2020 Democratic Primary Debates 1.1 & 1.2

Not who won or lost—when I watch debates, that’s not what I’m looking for. I’m looking for personality, honesty, ideas. There are some notes of strengths/weaknesses, below.

Climate Realism

During 1.1 there was a question whether Inslee’s plan would save Miami, which he basically had to say yes to. You can’t stand in front of a city and tell them their city is going to go bye-bye. At least not yet. But it’s likely to, as seas rise enough.

There was a little bit of acknowledgment of that in 1.2 with Buttigieg differentiating between mitigation and stopping further climate change, but the general attitude of politicians seems to be focused on limiting the future damage without pointing to preparedness for the damage that will surely come.

Broad Agreement on Healthcare

The question seems to be whether to shoot for Medicare for All or let a public option evolve into Medicare for All. The differences of all sizes are moot at that point—they are all smaller than the differences that would exist in actually passing any bill change the healthcare system.

There seemed to be some slight nods to the bureaucratic friction in healthcare—one of its worst features is the difficulty of selecting insurance, understanding it, etc. But even those nods seemed very slight, which doesn’t make a lot of sense to me. Half the pain of health conditions for a lot of folks is jumping through all the damned hoops.

US-Middle-East Relations

Everyone seems to agree war sucks, which is nice. The broader question of how to move the Middle East toward a better place wasn’t addressed. Some talk, especially in 1.1 about the Iranian agreement and tensions there. Indirect references to the potential for a peace dividend from a few candidates, without much to say about how to get there.


It’s a healthy field, as my report last week indicated. It seemed like there were more policy differences during 1.1 than 1.2. 1.2 felt much more about positioning than positions. Whether that’s because they saw how 1.1 went and strategized more, because of the contenders present, hard to say.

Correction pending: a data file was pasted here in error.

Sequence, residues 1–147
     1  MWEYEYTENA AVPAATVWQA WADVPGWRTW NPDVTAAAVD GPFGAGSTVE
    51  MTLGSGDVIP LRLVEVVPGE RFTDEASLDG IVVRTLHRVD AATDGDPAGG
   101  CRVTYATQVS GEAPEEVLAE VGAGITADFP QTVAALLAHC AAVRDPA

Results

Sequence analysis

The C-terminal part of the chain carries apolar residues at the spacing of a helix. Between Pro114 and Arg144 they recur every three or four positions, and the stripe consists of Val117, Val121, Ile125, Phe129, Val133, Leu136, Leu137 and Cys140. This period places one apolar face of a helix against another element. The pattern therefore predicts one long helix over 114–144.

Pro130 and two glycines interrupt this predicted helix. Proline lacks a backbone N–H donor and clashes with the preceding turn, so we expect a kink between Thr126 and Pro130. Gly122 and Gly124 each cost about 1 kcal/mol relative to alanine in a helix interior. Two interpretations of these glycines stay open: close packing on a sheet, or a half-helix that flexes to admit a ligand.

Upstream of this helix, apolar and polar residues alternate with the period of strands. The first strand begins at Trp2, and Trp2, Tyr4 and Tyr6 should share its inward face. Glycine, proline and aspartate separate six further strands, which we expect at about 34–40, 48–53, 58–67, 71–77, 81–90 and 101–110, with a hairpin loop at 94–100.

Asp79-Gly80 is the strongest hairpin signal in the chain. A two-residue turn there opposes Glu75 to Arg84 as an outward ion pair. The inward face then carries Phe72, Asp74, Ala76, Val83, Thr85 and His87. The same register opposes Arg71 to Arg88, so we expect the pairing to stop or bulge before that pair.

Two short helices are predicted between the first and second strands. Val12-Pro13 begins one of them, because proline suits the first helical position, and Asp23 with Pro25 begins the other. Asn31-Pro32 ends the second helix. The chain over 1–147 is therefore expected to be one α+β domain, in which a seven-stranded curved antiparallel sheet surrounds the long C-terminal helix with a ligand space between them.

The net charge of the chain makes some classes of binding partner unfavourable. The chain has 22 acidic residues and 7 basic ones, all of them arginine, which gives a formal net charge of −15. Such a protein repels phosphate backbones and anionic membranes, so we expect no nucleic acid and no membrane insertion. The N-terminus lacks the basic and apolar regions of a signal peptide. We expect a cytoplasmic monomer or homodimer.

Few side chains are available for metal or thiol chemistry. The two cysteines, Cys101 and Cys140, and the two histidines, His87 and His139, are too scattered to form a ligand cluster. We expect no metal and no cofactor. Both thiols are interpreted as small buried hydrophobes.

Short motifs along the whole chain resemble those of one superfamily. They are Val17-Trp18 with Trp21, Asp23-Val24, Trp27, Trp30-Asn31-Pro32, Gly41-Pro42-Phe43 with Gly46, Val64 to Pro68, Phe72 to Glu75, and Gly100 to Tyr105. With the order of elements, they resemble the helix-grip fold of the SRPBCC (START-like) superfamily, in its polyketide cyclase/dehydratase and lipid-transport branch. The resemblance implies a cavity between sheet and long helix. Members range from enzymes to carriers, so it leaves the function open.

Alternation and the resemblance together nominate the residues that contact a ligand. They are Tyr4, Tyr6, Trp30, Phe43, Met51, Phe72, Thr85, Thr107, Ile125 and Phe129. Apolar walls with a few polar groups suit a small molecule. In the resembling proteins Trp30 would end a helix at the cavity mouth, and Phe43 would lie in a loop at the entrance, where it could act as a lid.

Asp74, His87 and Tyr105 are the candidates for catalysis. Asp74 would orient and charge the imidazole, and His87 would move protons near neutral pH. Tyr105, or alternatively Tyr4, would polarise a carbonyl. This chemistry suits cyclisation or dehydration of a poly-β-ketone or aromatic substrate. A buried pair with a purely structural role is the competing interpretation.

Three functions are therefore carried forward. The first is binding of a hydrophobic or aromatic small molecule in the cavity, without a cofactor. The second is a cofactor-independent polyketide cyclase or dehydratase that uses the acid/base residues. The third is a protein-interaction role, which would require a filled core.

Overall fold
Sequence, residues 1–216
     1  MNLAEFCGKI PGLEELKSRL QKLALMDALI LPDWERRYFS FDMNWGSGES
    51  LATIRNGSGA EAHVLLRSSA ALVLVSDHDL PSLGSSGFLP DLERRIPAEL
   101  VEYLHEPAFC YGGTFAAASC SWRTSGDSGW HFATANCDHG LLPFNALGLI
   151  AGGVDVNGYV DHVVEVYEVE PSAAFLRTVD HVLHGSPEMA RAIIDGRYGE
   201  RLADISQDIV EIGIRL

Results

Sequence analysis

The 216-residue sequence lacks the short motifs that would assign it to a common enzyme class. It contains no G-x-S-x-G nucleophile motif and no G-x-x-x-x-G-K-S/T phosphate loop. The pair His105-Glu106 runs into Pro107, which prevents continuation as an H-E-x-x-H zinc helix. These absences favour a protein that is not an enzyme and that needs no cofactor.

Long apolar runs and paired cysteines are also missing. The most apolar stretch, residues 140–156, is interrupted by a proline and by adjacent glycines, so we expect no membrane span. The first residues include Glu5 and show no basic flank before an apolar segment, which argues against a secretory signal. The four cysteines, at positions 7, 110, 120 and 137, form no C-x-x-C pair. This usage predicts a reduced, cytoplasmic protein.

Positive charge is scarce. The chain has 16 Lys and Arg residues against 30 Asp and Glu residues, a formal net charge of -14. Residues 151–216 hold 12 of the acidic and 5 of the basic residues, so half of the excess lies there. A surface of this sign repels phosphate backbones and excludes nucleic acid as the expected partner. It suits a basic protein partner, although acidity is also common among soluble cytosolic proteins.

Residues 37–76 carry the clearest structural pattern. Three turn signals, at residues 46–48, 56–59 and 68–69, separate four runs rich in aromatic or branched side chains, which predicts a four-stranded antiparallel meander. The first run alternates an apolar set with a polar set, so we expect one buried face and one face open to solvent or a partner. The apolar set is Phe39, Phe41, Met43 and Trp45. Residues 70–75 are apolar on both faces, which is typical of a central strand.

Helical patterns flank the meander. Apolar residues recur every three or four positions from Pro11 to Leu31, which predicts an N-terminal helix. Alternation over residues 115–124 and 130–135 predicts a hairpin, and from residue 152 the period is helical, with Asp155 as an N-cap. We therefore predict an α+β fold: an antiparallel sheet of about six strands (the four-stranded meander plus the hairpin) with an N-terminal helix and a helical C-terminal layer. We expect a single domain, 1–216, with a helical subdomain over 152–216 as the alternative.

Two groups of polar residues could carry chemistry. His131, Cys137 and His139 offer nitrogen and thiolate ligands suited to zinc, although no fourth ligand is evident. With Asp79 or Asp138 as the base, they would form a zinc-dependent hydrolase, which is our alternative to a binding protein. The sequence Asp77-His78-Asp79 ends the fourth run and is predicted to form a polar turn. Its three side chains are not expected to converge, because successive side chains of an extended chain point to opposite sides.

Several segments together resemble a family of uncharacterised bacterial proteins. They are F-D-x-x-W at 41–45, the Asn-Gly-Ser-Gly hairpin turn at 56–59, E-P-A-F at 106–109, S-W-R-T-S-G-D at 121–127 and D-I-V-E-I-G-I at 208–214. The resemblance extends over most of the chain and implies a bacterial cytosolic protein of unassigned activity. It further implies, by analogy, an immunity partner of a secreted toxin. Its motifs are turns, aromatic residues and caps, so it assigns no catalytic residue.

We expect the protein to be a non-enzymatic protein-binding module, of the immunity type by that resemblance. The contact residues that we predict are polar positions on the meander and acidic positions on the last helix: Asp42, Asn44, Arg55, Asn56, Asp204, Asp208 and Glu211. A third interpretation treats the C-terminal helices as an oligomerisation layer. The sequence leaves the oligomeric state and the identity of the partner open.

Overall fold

It felt like climate change was still an afterthought, and although there are only 11 more primary debates, it seems like getting more into the issues of climate would be helpful.

Over the two nights the strongest performances seemed to be (in alphabetical order):

  • Booker
  • Castro
  • Harris
  • Warren

Booker held his own on 1.1, not a complete stand-out, but certainly a contender. Castro had a few stand-out moments (also 1.1) and certainly showed himself to be worth a closer look. Harris, the only one I note from 1.2, seemed well-prepared and personable, but also had more time to speak so that probably helped. Warren has that professorial poise about her, and she’s always well-prepared.

The weakest performances came in 1.2, which may have helped Harris by providing more contrast. Swalwell jumped in with “me, too!” at several points and has some thing about the youth taking over, and Williamson apparently falls into self-help dictation mode whenever she is given a chance to speak.

Sanders (1.2) did alright, but at this point he’s fairly repetitive (if on message). One of his strengths and weaknesses is the fact that he seeded the ground so well with his 2016 rhetoric. That same rhetoric has been broadly adopted by 2020 candidates, both because they want to appeal to Sanders’ 2016 supporters and because it’s become part of the vernacular of the party (itself an oddity—Sanders still isn’t a Democrat).

Biden’s approach (1.2) seems to focus more on his record than is useful at points (doesn’t help that others want to remind us of negative aspects of his record). Others point to their records, but since Biden was around for so long, some of it feels like ancient history (for both the good and the bad). Harris rightly called Biden out for his anti-busing stance, but the electorate back then was more racist and the issue more visible (in 1972 it was largely seen as toxic that George McGovern proudly stated his pro-busing stance).


As the next debate (2.1 and 2.2) is about a month away, there will be some time for everyone to regroup and practice. They all got a chance to see how everyone else did, so the second round should be more informative as to who’s ready to rock and who isn’t.